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C'est si bon 

(Musings on TM news that is so good and not so good)

By Pat Letendre

May's blog is a take-off on cartoonist Gary Clement's weekly feature, 'Week in Review' in Canada's National Post, e.g, Week of Apr. 20-26, 2014. I love them because they capture the week's news with a smile.

The blog's title derives from an old ditty by Eartha Kitt, C'est si bon (It's so good).

The topics include an eclectic selection of news items in TraQ's newsletter in the first quarter of 2014. C'est si bon is an attempt to write shorter blogs. I'd love your feedback. Shorter is so good or not so good? Keep returning because I'll add the odd 'So...' periodically.

Usually, my BBTS blogs are original but, due to unforeseen circumstances, this blog also appears on my other TM blog site. I hope the content is relevant to transfusion professionals worldwide.

1. So creepy 

You take your dog to a vet and are told that the pet needs to be euthanized within 24 hours. Six months later you get a call from a former employee of the veterinary clinic who tells you that your pet was still alive and being bled for plasma to transfuse to other dogs. Say what?

2. So deservingThe CSTM promotes excellence in TM for Canadians. The 2014 CSTM award recipients are, indeed, deserving. I'm fortunate to know them all. 
3. So nerdy (added 11 May 2014)
Clever and simple, this is the type of chemistry trick we used to love in school. The kid in us still smiles, especially if we're nerds at heart.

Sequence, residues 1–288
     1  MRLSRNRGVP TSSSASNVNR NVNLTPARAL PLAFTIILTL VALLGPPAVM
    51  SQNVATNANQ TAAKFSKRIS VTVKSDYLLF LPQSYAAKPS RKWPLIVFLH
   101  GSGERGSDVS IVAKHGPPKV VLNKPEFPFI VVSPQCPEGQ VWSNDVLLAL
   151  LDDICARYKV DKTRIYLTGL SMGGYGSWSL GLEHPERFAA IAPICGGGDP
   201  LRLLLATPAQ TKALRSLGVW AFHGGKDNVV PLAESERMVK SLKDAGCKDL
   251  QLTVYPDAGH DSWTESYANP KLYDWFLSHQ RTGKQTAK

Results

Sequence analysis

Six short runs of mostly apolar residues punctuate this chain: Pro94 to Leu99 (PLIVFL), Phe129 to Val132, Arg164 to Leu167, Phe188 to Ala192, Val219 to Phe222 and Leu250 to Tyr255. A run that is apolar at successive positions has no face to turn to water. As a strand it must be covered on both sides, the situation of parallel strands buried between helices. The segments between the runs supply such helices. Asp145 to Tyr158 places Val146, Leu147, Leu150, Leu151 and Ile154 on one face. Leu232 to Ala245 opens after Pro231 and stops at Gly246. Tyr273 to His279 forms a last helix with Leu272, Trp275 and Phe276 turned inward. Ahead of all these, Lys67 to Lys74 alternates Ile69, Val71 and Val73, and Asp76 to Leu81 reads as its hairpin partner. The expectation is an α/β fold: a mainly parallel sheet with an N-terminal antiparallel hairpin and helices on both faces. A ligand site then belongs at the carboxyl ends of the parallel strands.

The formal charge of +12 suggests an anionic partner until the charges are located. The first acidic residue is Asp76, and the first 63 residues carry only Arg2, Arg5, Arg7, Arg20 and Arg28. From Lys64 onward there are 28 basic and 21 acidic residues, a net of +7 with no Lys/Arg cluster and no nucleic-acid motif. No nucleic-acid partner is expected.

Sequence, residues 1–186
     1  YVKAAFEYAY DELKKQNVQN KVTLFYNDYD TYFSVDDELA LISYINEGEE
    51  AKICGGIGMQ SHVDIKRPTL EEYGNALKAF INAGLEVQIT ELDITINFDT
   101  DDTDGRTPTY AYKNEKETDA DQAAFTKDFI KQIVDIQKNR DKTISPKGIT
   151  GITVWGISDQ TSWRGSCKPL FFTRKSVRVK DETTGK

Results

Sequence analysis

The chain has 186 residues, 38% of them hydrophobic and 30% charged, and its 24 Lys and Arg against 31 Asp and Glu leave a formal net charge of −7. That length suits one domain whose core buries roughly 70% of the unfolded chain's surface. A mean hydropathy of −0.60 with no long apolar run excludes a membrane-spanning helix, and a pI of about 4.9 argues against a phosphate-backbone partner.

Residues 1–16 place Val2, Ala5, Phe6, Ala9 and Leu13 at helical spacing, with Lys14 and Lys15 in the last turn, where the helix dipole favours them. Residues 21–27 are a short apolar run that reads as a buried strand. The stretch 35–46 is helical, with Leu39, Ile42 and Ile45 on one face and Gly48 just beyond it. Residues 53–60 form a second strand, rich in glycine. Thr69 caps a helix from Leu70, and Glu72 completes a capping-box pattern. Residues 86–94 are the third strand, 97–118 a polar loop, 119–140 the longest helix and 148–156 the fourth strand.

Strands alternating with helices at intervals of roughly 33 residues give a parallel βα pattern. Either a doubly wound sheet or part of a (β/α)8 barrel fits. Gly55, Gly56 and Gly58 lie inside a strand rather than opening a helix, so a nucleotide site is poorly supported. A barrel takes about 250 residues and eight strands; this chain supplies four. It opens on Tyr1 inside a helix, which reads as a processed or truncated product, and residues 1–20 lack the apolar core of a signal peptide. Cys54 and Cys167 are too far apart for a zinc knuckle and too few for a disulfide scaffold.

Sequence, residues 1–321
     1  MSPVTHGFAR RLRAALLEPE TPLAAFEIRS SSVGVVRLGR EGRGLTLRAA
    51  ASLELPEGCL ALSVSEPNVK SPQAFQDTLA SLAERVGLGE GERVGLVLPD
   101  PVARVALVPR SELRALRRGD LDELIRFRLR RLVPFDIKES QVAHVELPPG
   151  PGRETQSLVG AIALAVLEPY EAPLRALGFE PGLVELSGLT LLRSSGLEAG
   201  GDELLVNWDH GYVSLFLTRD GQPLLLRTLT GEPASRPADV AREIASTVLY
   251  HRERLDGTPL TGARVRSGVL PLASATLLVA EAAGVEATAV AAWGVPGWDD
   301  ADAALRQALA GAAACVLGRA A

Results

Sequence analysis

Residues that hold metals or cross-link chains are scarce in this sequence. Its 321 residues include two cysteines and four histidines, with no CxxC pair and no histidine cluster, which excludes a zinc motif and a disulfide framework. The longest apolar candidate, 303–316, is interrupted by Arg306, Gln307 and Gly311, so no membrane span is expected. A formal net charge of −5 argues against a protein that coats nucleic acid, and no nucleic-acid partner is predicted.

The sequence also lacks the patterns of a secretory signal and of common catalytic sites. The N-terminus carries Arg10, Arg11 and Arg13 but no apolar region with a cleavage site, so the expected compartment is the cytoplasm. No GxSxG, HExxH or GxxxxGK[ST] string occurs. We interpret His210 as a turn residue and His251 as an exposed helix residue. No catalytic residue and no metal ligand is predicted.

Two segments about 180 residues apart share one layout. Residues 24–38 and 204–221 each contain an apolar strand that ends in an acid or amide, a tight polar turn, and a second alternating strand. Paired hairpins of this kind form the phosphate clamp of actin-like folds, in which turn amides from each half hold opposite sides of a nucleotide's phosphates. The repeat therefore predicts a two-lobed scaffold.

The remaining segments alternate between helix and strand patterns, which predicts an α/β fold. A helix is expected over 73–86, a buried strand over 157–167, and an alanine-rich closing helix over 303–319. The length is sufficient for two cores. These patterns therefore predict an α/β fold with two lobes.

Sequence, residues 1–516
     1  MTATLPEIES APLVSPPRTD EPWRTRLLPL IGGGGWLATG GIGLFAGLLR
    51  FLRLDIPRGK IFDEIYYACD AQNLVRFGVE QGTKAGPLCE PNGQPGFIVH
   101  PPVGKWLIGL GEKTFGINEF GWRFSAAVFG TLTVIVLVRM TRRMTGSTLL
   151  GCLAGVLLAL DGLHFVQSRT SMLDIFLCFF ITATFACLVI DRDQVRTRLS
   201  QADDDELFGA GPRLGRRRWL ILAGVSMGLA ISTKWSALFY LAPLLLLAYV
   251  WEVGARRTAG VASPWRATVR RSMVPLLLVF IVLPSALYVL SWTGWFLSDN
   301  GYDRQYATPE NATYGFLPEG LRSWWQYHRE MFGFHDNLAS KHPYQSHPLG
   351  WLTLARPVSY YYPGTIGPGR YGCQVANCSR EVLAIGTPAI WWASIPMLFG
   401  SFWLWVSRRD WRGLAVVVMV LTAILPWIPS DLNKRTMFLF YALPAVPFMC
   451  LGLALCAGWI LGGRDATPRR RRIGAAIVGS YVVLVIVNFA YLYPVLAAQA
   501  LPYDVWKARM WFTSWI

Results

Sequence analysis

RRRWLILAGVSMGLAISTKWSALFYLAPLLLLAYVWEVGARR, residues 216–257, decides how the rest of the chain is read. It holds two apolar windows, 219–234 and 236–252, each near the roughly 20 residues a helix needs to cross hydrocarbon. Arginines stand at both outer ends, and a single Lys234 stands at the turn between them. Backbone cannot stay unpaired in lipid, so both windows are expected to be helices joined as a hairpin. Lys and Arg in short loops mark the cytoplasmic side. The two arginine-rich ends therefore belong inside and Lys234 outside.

4. So overdue
By the end of 2014, the USA's Physician Payment Sunshine Act will require drug companies to report every transfer of value (as little as $10) to doctors and academic hospitals on a public website. Canada needs to do the same.

Think it's overkill? Think again. See CMA President Dr. Louis Hugo Francescutti's take on doctors and drugs. Big Pharma's influence on docs has stunk for a long time.

5. So predictable
Dr. Sher's key points (my analysis):
So to all you 'worry warts' out there, don't sweat about whether paid plasma is safe. It definitely is. To Canada's elite evidence-based TM scientists, it's only about whether our values can embrace paying for plasma donations. Oh, by the way, without paid plasma patients will die.

As to the Ontario government's attempt to ban paid plasma, as predicted, the minority government has fallen and with it, all legislation.

6. So sad
The January 2014 issue of the AABB journal Transfusion reported that George Garratty, PhD, retired as associate editor of the Immunohematology section of Transfusion after 31 years of service promoting papers on red blood cell serology.

George was an icon to TM medical technologists. We will miss him dearly. 

The replies below are to comments made on my other TM blog site. Please add your comment to the BBTS site as it's interesting to learn how BBTS members view these issues.

In reply to Anonymous (11 May 2014)

Anonymous finds CBS CEO Dr. Graham Sher's public pronouncements on paid plasma in Canada both confusing and unreliable. Me too.
CEO Sher says that he doesn't want paid plasma clinics to open in Canada but, at the same time, he contends that paid plasma is needed to meet current demands for plasma derivatives in Canada and globally. Canada can only meet 30% of its needs. Moreover, he suggests that, without paid plasma, patients would die. 

Dr. Sher's key learning point: Like it or not, patients in Canada and the world need paid plasma.

The flaw in that argument is that Canada has never truly promoted plasma donation. Indeed, CBS closed a plasma collection facility because it was cheaper to buy plasma from the USA and (sadly and stupidly) obfuscated its reasons for the closure.

Dr. Sher also contends that today paid plasma is safe because of 'donor screening and testing, plasma quarantine, and technology that inactivates viruses, and several purification steps.' He's right, as far as it goes.